The National Association of Home Builders (NAHB) Housing Market Index (HMI) is a gauge of builder opinion on the relative level of current and future single-family home sales.
It is a diffusion index, which means that a reading above 50 indicates a favorable outlook on home sales; below 50 indicates a negative outlook.
The latest reading of 66 is up 3 from last month.
Here is the opening of this morning’s monthly update:
Builder (NYSEARCA:XHB) confidence in the market for newly built single-family homes rose three points to 66 in May, according to the latest NAHB/Wells Fargo Housing Market Index (HMI) released today. Builder sentiment is at its highest level since October 2018.
“Builders are busy catching up after a wet winter, and many characterize sales as solid, driven by improved demand and ongoing low overall supply,” said NAHB Chairman Greg Ugalde. “However, affordability challenges persist and remain a big impediment to stronger sales.”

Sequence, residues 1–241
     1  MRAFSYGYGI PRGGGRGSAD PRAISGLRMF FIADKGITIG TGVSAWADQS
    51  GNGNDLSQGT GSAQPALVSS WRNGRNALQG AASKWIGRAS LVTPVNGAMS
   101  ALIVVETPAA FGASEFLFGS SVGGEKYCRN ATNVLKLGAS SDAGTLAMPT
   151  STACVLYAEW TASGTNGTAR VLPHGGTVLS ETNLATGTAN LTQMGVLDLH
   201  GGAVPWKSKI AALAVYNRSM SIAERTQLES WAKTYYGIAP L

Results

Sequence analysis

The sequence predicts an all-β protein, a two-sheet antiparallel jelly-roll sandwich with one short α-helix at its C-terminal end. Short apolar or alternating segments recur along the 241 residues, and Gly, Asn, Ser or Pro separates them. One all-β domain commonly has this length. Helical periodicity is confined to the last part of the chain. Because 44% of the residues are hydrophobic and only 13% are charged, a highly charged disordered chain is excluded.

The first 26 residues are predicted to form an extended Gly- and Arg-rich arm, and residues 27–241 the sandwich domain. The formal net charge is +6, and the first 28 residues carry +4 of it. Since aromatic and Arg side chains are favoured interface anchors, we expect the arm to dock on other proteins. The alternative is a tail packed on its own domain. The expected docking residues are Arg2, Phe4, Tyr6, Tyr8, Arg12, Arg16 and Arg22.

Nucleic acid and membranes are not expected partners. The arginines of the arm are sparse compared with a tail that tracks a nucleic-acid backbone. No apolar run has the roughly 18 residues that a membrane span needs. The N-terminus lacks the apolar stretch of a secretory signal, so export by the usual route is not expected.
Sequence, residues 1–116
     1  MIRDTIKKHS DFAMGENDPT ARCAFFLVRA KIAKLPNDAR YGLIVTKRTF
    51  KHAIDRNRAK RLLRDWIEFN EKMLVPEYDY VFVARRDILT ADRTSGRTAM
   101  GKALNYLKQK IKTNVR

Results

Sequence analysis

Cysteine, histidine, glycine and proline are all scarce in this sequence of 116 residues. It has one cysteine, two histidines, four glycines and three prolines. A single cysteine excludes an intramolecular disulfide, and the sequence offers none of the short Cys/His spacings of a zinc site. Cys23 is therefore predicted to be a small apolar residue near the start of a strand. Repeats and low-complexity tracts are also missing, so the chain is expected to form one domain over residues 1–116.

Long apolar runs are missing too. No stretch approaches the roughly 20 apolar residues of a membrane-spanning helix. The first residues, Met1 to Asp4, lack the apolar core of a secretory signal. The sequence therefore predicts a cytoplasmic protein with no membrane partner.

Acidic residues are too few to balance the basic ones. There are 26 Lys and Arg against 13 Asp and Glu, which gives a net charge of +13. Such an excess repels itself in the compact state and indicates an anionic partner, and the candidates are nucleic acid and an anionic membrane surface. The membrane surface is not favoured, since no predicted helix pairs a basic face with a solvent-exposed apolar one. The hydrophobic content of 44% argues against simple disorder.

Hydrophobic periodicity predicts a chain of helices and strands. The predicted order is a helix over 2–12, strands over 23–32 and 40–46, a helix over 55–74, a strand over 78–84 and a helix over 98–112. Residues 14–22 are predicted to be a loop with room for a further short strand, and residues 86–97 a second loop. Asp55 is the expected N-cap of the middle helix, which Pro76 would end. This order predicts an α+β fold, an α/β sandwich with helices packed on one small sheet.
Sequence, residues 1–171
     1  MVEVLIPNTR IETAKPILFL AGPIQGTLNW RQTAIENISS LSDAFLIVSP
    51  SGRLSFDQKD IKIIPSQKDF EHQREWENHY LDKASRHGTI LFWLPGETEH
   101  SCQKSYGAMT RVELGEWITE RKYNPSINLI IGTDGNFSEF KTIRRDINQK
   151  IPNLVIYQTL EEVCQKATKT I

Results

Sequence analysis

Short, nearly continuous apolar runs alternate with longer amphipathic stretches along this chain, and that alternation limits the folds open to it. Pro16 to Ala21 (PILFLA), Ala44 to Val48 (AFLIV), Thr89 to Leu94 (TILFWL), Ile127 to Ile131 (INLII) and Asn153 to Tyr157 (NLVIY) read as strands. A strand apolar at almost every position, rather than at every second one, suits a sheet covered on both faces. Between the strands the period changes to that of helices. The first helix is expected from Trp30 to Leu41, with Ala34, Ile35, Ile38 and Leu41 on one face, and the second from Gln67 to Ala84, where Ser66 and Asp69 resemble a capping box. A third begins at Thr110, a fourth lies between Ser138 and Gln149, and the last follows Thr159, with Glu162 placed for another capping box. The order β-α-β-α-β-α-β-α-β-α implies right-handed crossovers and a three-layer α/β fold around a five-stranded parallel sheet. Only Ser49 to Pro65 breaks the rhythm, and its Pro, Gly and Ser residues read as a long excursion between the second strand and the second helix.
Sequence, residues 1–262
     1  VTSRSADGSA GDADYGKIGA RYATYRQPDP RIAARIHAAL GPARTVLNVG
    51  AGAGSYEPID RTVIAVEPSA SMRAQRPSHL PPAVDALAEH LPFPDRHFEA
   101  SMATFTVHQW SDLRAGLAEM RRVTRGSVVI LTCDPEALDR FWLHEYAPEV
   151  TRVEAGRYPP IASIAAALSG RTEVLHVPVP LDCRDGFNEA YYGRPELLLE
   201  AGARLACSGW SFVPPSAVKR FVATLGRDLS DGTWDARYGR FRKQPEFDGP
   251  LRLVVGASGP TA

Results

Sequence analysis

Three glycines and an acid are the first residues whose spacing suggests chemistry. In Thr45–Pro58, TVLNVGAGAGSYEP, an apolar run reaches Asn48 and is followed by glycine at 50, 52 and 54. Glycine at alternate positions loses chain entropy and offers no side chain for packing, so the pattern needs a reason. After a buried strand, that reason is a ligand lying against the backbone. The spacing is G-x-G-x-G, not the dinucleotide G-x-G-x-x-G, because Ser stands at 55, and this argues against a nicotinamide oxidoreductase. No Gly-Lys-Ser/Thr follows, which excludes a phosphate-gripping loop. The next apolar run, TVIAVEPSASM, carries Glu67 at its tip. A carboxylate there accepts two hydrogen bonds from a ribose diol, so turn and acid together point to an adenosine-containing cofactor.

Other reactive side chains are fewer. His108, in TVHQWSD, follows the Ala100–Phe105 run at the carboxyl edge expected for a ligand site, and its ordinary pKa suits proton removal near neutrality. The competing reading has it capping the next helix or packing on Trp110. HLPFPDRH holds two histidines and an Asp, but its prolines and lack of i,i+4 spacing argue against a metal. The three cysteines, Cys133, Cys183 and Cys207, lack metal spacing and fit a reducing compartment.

“Mortgage rates are hovering just above 4% following a challenging fourth quarter of 2018 when they peaked near 5%. This lower interest rate environment, along with ongoing job growth and rising wages, is contributing to a gradual improvement in the marketplace,” said NAHB Chief Economist Robert Dietz. “At the same time, builders continue to deal with ongoing labor and lot shortages and rising material costs that are holding back supply and harming affordability.” [link]
Here is the historical series, which dates from 1985.
The HMI correlates fairly closely with broad measures of consumer confidence. Here is a pair of overlays with the Michigan Consumer Sentiment Index (through the previous month) and the Conference Board’s Consumer Confidence Index.
For additional perspectives on residential real estate, here is the complete list of our monthly updates: